Basal hypothalamic pituitary adrenal axis activity and hippocampal volumes: the SMART-Medea study.Biol Psychiatry. 2010 Jun 15; 67(12):1191-8.BP
It has frequently been hypothesized that high levels of glucocorticoids have deleterious effects on the hippocampus and increase risk for cognitive decline and dementia, but no large-scale studies in humans have examined the direct relation between hippocampal volumes and hypothalamic-pituitary-adrenal axis activity.
Cross-sectional analyses within the Second Manifestations of ARTerial disease-Magnetic Resonance (SMART)-Medea study, an ancillary study to the SMART-MR study on brain changes on magnetic resonance imaging (MRI) among patients with arterial disease. In 575 patients (mean age 62 +/- 9 years), diurnal cortisol rhythm was assessed with six saliva samples, collected at awakening; at 30, 45, and 60 min thereafter; and at 10 pm and 11 pm. A low dose of dexamethasone (.5 mg) was administered at 11 pm, and saliva was sampled the next morning at awakening. Volumetric measurements of the hippocampus were performed on a three-dimensional fast field echo T1-weighted scan with isotropic voxels.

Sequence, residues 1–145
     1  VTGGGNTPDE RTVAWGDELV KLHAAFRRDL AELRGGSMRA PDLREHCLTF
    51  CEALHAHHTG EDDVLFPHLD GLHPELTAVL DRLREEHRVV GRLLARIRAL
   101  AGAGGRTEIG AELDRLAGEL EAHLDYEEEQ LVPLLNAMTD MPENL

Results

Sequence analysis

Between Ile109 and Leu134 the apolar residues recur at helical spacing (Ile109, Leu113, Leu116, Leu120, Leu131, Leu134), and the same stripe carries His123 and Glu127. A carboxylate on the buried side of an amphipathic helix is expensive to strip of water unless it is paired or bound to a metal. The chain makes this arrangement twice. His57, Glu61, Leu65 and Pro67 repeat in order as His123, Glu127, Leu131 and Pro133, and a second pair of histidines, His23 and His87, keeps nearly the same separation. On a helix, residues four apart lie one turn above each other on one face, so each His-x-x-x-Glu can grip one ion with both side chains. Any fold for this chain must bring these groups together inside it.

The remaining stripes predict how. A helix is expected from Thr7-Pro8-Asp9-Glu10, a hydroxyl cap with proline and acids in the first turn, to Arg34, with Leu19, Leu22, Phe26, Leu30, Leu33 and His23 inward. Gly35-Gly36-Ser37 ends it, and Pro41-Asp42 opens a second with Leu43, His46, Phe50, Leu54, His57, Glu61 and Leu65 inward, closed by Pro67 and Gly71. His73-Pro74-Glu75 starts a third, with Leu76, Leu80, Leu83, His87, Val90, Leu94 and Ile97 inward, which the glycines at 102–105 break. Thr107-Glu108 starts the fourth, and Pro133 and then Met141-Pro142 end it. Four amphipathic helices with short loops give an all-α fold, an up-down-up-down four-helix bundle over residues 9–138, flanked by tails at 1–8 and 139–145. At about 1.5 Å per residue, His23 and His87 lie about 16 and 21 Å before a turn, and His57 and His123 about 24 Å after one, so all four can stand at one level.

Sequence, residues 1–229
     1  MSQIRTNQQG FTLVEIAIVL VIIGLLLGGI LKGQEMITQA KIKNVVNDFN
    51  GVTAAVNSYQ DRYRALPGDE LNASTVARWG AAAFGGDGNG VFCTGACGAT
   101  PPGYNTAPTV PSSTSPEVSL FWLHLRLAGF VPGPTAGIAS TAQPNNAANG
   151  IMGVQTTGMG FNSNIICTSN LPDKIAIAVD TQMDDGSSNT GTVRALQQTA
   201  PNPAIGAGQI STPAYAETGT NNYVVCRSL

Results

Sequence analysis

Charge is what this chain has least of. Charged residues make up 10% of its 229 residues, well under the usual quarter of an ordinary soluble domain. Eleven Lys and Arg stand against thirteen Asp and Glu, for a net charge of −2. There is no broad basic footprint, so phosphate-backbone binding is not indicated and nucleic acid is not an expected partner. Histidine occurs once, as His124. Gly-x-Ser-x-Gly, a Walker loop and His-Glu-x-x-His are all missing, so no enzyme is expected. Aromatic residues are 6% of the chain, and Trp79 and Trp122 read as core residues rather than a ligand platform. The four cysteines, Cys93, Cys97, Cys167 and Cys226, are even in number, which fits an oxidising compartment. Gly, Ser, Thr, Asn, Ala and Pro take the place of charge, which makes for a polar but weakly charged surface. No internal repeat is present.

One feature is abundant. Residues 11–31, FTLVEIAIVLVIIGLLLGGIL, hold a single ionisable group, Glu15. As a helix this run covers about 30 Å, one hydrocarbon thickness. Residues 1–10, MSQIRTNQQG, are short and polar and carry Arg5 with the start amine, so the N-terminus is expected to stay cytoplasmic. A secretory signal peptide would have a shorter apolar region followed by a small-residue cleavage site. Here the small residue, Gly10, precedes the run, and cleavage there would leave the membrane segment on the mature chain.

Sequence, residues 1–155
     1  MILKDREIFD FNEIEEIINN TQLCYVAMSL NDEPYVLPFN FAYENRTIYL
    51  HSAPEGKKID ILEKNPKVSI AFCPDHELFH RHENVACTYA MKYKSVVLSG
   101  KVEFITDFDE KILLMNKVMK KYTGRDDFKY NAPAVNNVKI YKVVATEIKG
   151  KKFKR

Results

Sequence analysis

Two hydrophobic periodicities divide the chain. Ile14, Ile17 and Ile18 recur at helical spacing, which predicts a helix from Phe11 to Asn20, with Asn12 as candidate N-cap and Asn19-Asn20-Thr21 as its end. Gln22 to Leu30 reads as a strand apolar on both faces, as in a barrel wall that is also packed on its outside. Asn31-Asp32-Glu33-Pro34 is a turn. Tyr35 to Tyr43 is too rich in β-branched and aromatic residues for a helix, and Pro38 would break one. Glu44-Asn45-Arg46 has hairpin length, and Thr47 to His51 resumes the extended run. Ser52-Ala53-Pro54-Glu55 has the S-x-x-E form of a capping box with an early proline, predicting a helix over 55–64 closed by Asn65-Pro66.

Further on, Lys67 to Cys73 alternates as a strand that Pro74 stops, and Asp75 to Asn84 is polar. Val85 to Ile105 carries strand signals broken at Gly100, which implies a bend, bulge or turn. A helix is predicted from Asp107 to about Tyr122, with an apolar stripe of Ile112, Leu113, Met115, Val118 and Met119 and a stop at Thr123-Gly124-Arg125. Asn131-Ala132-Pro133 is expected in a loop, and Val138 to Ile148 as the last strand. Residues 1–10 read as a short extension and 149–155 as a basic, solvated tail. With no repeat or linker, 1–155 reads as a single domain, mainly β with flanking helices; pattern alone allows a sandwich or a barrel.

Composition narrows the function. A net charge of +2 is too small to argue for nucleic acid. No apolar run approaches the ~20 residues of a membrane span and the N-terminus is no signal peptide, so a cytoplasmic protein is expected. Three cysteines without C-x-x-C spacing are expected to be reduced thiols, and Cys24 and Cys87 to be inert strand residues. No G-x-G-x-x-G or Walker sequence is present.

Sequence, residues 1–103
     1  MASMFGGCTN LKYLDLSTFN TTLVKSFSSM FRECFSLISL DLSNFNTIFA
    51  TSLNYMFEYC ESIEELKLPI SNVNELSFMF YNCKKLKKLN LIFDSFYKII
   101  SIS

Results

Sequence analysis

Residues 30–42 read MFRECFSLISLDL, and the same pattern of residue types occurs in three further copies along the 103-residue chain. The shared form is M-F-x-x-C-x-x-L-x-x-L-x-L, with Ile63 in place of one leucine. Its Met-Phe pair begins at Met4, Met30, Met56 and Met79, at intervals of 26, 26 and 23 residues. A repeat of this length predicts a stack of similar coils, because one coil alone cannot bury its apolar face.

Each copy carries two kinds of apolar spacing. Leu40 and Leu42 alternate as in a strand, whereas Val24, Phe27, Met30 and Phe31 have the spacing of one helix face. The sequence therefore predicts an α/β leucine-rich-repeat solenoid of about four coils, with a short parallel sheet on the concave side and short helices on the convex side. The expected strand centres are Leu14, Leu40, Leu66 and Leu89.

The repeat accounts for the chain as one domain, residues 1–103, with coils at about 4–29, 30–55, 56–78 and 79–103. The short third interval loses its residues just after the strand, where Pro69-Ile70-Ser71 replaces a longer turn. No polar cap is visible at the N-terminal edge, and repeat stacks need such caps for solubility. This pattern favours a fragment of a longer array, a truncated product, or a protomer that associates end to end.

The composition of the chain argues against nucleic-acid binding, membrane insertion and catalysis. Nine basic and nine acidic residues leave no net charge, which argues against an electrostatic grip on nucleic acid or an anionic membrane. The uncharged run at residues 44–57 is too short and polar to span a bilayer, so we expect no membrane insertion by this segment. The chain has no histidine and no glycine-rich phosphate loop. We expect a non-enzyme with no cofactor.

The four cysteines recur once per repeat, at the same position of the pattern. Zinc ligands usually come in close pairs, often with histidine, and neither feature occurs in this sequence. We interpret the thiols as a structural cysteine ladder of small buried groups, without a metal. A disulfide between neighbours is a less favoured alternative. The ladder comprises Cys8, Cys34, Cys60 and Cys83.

Mean total relative hippocampal volume was 6.0 +/- .7 mL. Linear regression analyses, adjusted for age, sex, vascular risk factors, and global brain atrophy showed that participants with higher evening levels and higher awakening levels after dexamethasone had smaller hippocampal volumes [B per SD (4.2) increase = -.09 mL; 95% confidence interval -.15 to -.03 mL and B per SD (2.5) increase = -.07 mL; 95% confidence interval -.13 to -.01 mL, respectively]. The awakening response was not significantly associated with hippocampal volumes.
In this population, higher evening cortisol levels and reduced suppression after dexamethasone were associated with smaller hippocampal volumes, independent of total brain volume. The cortisol response after awakening was not associated with hippocampal volume.